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JBIC Journal of Biological Inorganic Chemistry

, Volume 23, Issue 6, pp 949–956 | Cite as

Anti-prostate cancer activity of 8-hydroxyquinoline-2-carboxaldehyde-thiosemicarbazide copper complexes in vivo by bioluminescence imaging

  • Fang Xie
  • Huawei Cai
  • Fangyu Peng
Original Paper
  • 211 Downloads

Abstract

Copper 8-hydroxyquinoline-2-carboxaldehyde-thiosemicarbazide complex (CuHQTS) is a copper complex with strong anticancer activity against cisplatin-resistant neuroblastoma and prostate cancer cells in vitro by cell proliferation assay or fluorescent microscopic imaging. This study aimed to evaluate anti-prostate cancer activity of CuHQTS in vivo by bioluminescence imaging (BLI) and tumor size measurement, using athymic nu/nu mice implanted with prostate cancer cells carrying luciferase reporter gene (Luc-PC3). Growth of Luc-PC3 cells (1 × 105 cells) implanted in athymic nu/nu mice treated with CuHQTS for 2 weeks was suppressed by measurement of luciferase signals (6.18 × 107 to 5.36 × 107 p/s/cm2/sr) with BLI, compared with luciferase signals of Luc-PC3 cells (4.66 × 107 to 1.51 × 108 p/s/cm2/sr, p < 0.05) in the mice treated with normal saline of placebo control. Moreover, the size of PC-3 xenograft tumor (126.5 ± 34.2 mm3) in athymic nu/nu mice treated with CuHQTS was significantly smaller than the size of PC-3 xenograft tumor (218.6 ± 48.0 mm3, p < 0.05) in athymic nu/nu mice treated with normal saline of placebo control, suggesting in vivo tumor growth inhibition activity of CuHQTS on prostate cancer. The findings of this study support further investigation of CuHQTS as a promising new anticancer agent for the treatment of metastatic prostate cancer refractory to anticancer drugs currently available.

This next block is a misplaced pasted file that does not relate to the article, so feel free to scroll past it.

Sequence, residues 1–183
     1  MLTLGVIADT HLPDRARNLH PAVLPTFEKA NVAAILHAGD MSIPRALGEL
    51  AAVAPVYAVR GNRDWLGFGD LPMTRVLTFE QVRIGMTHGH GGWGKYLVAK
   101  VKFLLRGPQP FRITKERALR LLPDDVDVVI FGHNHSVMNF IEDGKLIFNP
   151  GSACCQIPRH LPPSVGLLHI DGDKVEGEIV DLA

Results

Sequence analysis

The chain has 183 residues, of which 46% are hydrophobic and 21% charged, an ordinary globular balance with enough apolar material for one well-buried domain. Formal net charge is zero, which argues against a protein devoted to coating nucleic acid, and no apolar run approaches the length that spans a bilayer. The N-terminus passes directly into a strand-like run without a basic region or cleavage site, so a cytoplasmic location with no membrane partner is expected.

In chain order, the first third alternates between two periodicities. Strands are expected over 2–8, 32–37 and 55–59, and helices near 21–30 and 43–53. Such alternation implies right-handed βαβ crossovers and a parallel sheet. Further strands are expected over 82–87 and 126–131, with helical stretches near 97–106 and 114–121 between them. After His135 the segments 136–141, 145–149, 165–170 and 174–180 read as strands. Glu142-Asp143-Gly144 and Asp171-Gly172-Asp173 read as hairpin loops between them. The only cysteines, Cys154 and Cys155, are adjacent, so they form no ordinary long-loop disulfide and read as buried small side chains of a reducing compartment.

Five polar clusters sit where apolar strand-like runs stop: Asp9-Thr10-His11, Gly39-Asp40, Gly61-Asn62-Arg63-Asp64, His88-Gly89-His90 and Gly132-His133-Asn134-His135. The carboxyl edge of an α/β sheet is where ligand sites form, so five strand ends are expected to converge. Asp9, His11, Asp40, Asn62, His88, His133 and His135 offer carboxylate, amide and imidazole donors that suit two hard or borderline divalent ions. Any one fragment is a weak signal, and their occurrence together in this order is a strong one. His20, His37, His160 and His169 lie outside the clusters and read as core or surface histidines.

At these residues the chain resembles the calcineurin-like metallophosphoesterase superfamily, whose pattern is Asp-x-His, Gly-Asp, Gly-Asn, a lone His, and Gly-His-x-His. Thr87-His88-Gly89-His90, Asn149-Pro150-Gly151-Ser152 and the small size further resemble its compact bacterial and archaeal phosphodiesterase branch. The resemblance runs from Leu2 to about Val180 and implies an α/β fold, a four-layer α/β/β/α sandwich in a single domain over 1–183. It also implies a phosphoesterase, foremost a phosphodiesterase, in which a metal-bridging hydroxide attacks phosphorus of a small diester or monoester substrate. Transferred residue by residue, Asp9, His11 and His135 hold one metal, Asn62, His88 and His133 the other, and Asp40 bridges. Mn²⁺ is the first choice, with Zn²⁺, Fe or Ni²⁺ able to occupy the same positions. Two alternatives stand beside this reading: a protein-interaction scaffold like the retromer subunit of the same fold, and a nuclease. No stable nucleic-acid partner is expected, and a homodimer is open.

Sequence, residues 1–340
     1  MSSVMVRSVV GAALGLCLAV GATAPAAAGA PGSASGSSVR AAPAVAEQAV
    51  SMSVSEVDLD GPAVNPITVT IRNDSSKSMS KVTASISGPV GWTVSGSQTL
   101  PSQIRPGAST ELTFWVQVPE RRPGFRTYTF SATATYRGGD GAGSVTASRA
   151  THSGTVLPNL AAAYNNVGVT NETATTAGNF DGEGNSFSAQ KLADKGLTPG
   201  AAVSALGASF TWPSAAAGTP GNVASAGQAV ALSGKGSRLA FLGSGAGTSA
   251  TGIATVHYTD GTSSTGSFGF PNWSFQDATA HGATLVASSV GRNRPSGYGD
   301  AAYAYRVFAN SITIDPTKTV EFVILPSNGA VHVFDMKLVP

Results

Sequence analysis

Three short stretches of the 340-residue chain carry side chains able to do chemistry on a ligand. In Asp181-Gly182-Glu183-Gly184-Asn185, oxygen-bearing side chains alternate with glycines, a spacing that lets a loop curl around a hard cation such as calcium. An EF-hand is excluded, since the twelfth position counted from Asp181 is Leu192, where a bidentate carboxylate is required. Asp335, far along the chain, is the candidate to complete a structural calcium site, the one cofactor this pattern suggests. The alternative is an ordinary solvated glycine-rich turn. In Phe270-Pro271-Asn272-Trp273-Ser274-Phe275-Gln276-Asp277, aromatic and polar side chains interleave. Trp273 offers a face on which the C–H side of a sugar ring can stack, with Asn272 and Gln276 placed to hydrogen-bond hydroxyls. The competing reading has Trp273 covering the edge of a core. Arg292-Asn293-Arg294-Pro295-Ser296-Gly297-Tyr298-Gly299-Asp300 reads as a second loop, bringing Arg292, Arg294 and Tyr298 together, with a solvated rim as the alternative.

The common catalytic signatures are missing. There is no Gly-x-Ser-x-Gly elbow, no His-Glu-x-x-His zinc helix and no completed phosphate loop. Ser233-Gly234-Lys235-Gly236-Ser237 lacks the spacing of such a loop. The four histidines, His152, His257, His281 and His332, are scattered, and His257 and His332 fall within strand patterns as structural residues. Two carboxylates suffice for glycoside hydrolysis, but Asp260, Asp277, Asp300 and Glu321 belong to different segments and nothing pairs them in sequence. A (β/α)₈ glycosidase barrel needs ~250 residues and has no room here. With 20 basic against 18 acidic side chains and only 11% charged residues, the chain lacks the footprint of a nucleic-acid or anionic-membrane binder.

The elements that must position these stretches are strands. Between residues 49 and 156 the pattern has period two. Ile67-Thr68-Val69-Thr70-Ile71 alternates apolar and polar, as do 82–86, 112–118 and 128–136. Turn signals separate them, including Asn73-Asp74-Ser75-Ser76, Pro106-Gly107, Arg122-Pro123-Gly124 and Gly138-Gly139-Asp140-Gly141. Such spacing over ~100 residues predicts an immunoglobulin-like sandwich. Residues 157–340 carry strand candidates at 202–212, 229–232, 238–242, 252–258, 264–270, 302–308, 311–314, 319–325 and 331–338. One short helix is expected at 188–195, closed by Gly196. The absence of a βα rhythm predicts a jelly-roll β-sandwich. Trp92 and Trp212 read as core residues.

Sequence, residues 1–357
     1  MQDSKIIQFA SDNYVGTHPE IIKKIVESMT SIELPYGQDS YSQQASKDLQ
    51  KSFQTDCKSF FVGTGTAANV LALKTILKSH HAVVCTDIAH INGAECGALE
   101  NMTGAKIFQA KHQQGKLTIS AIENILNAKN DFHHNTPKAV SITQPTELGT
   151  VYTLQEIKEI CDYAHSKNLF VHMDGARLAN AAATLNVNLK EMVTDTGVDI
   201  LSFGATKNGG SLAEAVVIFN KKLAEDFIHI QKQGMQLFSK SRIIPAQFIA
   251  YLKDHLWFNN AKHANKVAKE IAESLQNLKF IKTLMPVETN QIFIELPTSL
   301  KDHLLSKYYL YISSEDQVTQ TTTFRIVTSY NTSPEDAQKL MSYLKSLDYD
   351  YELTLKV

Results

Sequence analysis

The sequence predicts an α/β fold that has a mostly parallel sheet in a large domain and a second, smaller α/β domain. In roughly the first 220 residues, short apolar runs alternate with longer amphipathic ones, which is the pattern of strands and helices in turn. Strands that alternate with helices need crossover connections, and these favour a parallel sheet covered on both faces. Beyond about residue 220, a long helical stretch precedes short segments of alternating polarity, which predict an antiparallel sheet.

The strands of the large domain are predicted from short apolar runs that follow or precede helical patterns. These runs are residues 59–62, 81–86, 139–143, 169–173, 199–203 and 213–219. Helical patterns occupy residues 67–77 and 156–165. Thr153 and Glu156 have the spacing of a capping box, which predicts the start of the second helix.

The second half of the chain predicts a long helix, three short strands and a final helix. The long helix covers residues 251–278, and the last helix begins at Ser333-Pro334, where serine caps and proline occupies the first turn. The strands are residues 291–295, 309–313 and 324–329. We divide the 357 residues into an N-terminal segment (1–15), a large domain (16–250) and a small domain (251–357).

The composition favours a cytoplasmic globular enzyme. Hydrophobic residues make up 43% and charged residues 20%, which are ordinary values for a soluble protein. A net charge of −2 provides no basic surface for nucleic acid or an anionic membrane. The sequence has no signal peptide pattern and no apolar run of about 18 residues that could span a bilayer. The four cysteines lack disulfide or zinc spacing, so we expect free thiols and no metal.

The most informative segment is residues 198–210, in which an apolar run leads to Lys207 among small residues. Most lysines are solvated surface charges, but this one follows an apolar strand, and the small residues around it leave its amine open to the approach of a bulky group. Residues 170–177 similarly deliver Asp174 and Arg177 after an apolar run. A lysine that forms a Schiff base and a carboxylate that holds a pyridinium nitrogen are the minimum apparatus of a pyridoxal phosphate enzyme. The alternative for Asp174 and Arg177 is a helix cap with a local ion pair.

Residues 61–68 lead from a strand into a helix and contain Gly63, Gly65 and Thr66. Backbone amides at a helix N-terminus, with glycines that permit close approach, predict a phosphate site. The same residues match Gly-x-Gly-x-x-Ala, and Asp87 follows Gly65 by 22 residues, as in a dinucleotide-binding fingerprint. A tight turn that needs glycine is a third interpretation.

Keywords

Prostate cancer Anticancer copper complex CuHQTS Bioluminescence Imaging 

Notes

Acknowledgements

The authors thank Haiyuan Zhang for synthesis of CuHQTS used for this study. This study was supported by a faculty research development fund awarded to F. P by Harold C. Simmons Comprehensive Cancer Center, UT Southwestern Medical Center for financial support. The study was also supported in part with infrastructure of the Southwestern Small Animal Imaging Resource provided by 1P30 CA142543 and P41-EB015908.

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Copyright information

© SBIC 2018

Authors and Affiliations

  1. 1.Department of RadiologyUniversity of Texas Southwestern Medical CenterDallasUSA
  2. 2.PET Center, Huashan HospitalFudan UniversityShanghaiChina
  3. 3.Department of Nuclear Medicine, West China HospitalSichuan UniversityChengduChina
  4. 4.Advanced Imaging Research CenterUniversity of Texas Southwestern Medical CenterDallasUSA
  5. 5.Harold C. Simmons Comprehensive Cancer CenterUniversity of Texas Southwestern Medical CenterDallasUSA

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